• John McCabe
  • Three Folk Songs (1963)

  • Novello & Co Ltd (World)

See 'Five Folk Songs'

  • cl.pf
  • High Voice
  • 8 min

Programme Note

Johnny has gone for a soldier (USA)
Hush-a-ba birdie, croon, croon (Scotland)
John Peel (England)

During the early 1960s I wrote a number of folksong arrangements, several using clarinet as well as voice and piano, and a group of these was first performed in 1963 on a tour of Scotland with two friends of mine, Catriona Gordon (soprano) and Barry Gregson (clarinet). John Peel, which then as now concluded the group, was such a success that it had to be encored at the first concert, and thus encouraged I decided on the second morning to write an extra piece to be used as an encore if needed on the remaining concerts - Hush-a-ba birdie, from a collection of Scottish folksongs, was the result. The published set of three left several arrangements over, two of which were rewritten later to produce a set of five Folksongs with horn instead of clarinet.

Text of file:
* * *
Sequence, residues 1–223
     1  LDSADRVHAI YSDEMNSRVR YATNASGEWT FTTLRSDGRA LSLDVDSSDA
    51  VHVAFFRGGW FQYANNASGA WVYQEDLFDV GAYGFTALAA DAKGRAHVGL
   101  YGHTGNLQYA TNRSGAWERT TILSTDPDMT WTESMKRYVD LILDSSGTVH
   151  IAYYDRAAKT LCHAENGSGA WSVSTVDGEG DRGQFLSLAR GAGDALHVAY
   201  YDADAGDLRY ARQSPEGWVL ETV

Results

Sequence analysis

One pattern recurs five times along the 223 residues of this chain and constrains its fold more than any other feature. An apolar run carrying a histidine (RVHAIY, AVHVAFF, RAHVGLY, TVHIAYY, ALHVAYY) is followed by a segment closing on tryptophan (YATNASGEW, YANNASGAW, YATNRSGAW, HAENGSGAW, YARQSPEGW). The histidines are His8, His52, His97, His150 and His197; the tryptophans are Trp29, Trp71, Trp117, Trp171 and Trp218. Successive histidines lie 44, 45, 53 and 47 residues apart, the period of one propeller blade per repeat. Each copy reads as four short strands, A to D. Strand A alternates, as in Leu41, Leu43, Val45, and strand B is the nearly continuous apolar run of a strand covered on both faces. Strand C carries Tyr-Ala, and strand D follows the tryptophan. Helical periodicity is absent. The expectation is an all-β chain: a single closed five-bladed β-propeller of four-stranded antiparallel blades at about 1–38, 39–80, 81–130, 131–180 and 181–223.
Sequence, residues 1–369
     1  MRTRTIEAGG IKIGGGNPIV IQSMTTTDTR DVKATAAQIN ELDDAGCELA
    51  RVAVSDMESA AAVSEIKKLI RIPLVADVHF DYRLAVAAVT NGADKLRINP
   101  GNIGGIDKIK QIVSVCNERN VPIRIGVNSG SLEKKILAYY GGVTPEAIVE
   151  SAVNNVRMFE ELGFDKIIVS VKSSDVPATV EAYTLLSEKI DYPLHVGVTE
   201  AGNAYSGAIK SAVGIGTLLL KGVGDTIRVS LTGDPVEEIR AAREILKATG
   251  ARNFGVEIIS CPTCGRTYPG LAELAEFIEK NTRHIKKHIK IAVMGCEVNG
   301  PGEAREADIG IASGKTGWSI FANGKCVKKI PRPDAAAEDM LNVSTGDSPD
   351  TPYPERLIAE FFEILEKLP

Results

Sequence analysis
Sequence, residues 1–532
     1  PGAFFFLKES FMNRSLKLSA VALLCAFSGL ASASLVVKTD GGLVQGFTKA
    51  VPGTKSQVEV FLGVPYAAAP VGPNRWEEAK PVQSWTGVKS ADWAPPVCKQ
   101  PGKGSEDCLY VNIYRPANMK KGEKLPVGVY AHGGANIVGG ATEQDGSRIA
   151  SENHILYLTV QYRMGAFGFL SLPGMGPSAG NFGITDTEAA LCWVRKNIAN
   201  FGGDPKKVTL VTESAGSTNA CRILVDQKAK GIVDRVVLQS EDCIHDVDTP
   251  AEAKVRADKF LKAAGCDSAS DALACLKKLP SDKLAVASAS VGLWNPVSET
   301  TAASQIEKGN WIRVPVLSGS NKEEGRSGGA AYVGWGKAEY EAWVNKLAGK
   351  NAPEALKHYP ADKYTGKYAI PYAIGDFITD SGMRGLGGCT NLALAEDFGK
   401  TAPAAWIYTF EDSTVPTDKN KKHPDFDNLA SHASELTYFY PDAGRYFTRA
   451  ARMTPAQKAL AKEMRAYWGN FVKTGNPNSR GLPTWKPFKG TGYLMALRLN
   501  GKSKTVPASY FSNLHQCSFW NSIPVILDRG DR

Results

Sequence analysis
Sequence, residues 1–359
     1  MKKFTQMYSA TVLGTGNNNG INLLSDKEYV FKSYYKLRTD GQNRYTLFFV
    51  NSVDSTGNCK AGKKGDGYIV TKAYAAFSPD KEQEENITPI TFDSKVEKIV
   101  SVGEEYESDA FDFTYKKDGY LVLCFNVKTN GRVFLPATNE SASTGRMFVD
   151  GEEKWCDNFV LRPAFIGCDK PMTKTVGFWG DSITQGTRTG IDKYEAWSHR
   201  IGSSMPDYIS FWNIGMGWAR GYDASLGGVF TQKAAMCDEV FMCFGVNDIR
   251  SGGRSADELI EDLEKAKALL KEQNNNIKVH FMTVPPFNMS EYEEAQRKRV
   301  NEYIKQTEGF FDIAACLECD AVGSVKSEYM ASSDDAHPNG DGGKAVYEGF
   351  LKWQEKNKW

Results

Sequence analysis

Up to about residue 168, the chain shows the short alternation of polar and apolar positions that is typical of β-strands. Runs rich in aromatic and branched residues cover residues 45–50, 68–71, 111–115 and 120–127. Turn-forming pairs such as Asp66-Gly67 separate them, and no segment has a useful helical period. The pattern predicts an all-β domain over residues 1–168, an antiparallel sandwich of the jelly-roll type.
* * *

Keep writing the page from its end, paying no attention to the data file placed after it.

Not much needs to be said about the settings. Johnny has gone for a soldier, a beautiful American song, is treated more like an art song, with a few slight rhythmic dislocations. Hush-a-ba birdie is the simplest setting, with at one point a canonic treatment of the tune between voice and clarinet. In John Peel (the choice of which does not reflect any approval of hunting on my part), the clarinet and piano make reference between verses to several nautical songs, for no better reason than it seemed a good idea at the time.
© 1993 John McCabe